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The alphabet soup of today’s music industry.


By Michael Nickolas

ISRC, UPC, EAN, ISWC, IPI/CAE – codes, codes and more codes! As a music creator selling, licensing, distributing and streaming your product, you’re going to run across these acronyms. What do they stand for and what will they do for you? How do you get them? I’ll cover the details of each of these below.


What does it stand for?

International Standard Recording Code.

What is it and what does it do?

An ISRC is designated to uniquely identify a specific recording. By using this code a recording can be tracked for its digital sales and streaming income. So any site that sells your music as a digital download, or any of the streaming services you submit to are going to require an ISRC for each of your tracks.

Given that the ISRC is a unique identifier, there will be only one code per recording. Alternate versions and timing edits each get their own ISRC. “My Song”, “My Song Instrumental” and “My Song 30 Seconds” will all be assigned a different ISRC.

The ISRC format is as follows: XX-ABC-12-12345. The dashes aren’t required but they can be put in to make reading the code easier for us humans.

Using the example XX-ABC-12-12345:

XX is the country code. In the US it will be US, QM or QZ.

ABC is the identifier assigned by the National ISRC Agency to the entity (Registrant) issuing the code.

12 is the year the code was assigned to the recording.

12345 is the recordings designation code. This is created by the issuer.

ISRC’s work on an international level and are permanent to the recordings they are assigned to. They can be embedded in an electronic files metadata.

Where do you get it?

If you are using a distributor like CD Baby, DistroKid, Tunecore or the like, your tracks will be assigned ISRC’s as part of their distribution process. It’s all handled automatically, nothing for you to do specifically.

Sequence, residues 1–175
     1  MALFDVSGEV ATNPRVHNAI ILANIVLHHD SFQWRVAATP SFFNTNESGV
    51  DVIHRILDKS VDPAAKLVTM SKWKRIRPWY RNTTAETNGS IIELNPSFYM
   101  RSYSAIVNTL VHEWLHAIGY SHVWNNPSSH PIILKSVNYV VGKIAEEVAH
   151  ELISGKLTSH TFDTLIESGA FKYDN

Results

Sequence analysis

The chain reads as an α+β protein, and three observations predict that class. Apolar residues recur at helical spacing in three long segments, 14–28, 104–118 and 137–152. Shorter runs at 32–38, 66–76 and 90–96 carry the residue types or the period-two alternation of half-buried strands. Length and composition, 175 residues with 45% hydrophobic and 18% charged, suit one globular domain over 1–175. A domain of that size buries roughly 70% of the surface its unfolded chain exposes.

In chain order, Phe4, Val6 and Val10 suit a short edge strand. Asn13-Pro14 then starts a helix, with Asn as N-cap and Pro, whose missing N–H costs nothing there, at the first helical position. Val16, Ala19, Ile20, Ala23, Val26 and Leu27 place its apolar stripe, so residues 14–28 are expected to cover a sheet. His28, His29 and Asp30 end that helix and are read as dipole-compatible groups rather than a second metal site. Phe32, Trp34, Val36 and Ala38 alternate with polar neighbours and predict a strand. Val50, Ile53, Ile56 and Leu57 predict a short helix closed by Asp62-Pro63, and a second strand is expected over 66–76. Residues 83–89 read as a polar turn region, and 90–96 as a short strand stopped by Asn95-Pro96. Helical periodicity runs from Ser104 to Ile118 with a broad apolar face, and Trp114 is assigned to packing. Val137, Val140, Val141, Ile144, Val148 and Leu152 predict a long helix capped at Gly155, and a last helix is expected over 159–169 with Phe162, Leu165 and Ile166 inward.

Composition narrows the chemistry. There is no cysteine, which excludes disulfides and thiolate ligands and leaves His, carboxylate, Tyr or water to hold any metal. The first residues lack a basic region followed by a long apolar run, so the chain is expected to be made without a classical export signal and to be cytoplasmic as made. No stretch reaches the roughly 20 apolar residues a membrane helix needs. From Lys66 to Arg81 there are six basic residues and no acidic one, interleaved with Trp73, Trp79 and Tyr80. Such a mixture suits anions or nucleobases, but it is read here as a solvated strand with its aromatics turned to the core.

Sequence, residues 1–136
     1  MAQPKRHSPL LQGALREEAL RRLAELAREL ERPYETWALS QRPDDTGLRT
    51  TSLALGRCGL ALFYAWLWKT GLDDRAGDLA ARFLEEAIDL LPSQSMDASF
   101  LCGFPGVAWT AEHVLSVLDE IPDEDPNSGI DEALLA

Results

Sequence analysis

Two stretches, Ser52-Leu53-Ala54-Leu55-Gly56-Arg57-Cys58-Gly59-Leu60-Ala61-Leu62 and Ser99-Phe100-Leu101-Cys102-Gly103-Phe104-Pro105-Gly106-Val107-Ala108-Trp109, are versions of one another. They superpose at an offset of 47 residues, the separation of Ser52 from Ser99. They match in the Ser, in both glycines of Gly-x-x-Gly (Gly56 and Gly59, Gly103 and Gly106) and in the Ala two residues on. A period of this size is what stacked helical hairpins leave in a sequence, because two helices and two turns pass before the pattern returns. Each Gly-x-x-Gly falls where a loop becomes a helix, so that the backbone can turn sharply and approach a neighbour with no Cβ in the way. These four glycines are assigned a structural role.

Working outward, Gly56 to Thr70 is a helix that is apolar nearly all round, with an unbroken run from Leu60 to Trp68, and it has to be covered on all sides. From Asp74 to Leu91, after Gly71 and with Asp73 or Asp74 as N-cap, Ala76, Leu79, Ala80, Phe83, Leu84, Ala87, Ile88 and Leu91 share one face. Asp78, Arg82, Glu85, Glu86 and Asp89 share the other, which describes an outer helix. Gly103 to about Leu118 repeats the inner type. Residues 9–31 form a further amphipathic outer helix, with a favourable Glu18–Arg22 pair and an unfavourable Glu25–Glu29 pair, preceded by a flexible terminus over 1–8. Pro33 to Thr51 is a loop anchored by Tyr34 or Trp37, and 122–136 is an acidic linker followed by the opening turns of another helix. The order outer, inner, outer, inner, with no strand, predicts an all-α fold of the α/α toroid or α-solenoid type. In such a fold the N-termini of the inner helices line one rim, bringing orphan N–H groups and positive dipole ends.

As a self-distributor you can get ISRC’s from authorized ISRC Managers like mastering studios. Here is the list of ISRC Managers appointed by the US ISRC Agency. Only these companies are approved to assign ISRCs on behalf of the owner of a recording https://www.usisrc.org/managers/index.html.

Another way is to become a Registrant yourself as a “Recording Rights Owner”. The cost is $95 and your Registrant Code is yours for life.

One thing to consider, there are cases where you could end up with multiple ISRC’s assigned to a single recording, which shouldn’t be. For example, it’s possible to upload your music non-exclusively to a company that makes it available for streaming in businesses, stores and restaurants. They assign it an ISRC when you upload it. Later you use a different distributor to get it on services like Spotify, Pandora and Apple Music, something the first company didn’t offer. The result is two ISRC’s for one recording. It will have to be changed at one or the other to remain consistent.

How does it help me get paid?

Your digital download sales and streaming activity will be tracked by ISRC’s. You will also need ISRC’s should you join SoundExchange, the collection society that collects and distributes digital performance royalties. Same with uploading your catalog information to Songdex, the database for “Music Reports”, a company that deals with music rights clearances for digital services. I also assume ISRC’s will be needed for the upcoming mechanical licensing collective database which goes into effect January1, 2021 as part of the Music Licensing Modernization Act (https://www.copyright.gov/music-modernization/faq.html).